I’ll skip a lot of the middle section of the day, because it deals with a common theme of the weekend for me: sorority girls spending hours getting ready to go out. As a guy who spends about ten to twenty minutes getting ready to go out on most days, all the time I spent around these girls before events was enlightening, but just so boring. So glad that I’m not a girl.

For dinner, my parents took my sister, her friends and me to a newly renovated section of downtown Fort Worth. The food was good, and the area showed signs of interesting and fun nightlife that you hope to see located around your school. Much of downtown Fort Worth has just been renovated, as a result of the economic boom caused by the natural gas development nearby, and the mid-sized city has a great youthful feel to it. It’s definitely the type of area I’d like to live in during college. If only there weren’t so many damn Texans.

After dinner, my sister and her friends took me to a frat party. I’m not a big party goer myself, so the party was a bit of a shock for me. As soon as I got used to my crowded, booming, alcohol soaked surroundings, I started to assimilate into the scene. After two days of hanging around sorority girls, I finally got to meet some guys. Now granted, they were mostly drunk and incoherent guys, but I still got to talk to them. With the exception of the belligerent a-hole who assaulted me in an attempt to fight me (helpful hint: If a drunk college guy starts yelling at you to leave, take him at his word. If you think he’s joking, don’t just laugh, because he may come at you), they were all pretty nice guys.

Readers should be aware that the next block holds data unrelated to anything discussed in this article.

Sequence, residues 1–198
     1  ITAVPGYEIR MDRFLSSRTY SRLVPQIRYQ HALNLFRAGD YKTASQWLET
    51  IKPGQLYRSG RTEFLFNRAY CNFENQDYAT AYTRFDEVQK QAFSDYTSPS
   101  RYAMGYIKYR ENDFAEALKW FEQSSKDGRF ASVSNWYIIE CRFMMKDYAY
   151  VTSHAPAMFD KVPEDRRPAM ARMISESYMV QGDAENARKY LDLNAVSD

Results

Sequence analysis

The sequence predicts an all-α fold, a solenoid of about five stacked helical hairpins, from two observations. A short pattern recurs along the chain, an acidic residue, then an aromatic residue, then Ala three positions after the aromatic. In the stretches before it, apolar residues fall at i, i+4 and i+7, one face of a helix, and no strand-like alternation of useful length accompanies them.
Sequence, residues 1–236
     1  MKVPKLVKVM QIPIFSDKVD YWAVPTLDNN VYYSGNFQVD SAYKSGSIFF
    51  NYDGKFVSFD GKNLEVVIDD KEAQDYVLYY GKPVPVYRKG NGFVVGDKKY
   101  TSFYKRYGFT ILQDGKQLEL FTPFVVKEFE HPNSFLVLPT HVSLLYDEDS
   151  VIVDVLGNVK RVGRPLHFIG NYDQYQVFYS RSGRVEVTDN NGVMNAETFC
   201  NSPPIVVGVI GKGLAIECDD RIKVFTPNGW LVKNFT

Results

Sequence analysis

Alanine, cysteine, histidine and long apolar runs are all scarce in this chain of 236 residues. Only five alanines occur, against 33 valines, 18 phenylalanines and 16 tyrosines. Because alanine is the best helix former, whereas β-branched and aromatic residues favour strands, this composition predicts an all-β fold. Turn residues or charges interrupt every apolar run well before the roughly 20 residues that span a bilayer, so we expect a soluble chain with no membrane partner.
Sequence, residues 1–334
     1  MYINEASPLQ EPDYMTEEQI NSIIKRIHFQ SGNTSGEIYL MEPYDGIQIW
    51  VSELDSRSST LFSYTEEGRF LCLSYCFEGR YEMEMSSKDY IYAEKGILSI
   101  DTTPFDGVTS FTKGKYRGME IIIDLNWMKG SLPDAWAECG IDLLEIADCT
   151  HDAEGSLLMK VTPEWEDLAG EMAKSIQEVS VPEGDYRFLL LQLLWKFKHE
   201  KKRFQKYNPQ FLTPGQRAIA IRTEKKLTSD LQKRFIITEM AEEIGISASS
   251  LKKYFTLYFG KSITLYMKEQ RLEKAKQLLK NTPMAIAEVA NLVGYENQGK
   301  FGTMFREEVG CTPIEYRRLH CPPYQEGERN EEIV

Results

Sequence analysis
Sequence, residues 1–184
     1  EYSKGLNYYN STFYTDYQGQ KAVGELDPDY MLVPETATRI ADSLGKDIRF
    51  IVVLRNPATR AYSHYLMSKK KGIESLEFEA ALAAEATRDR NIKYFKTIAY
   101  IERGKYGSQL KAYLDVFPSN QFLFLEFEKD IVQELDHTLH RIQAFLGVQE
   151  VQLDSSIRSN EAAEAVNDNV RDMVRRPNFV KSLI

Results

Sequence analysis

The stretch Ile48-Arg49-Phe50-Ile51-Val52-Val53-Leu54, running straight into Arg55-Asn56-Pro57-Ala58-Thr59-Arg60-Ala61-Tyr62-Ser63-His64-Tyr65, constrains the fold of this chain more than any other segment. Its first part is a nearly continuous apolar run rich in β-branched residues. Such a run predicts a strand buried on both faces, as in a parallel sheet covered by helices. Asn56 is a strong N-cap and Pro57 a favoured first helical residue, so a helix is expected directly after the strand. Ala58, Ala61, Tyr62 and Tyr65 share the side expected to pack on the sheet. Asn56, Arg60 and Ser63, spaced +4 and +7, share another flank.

While the party wasn’t all too crazy, I got a feel for the famous college party scene that I’d always heard about. I ended up having a pretty good time with the people there, and I saw first-hand what much of college would be like for me. I also experienced the college schedule first-hand, and I’ve gotta tell you, I took about a five hour nap today to recover.

Overall, I had a pretty good trip at TCU. There was not a mention of religion during my stay there and the people were very accepting and kind to me. But I realized during this trip that I’m so far away from my final verdict that I can’t possibly determine anything about TCU or any other college just yet. I didn’t even know what college was like, and I was already trying to compare colleges. For now, I suppose the most I can say about college is that I want to go there. And I suppose that’s just the first step.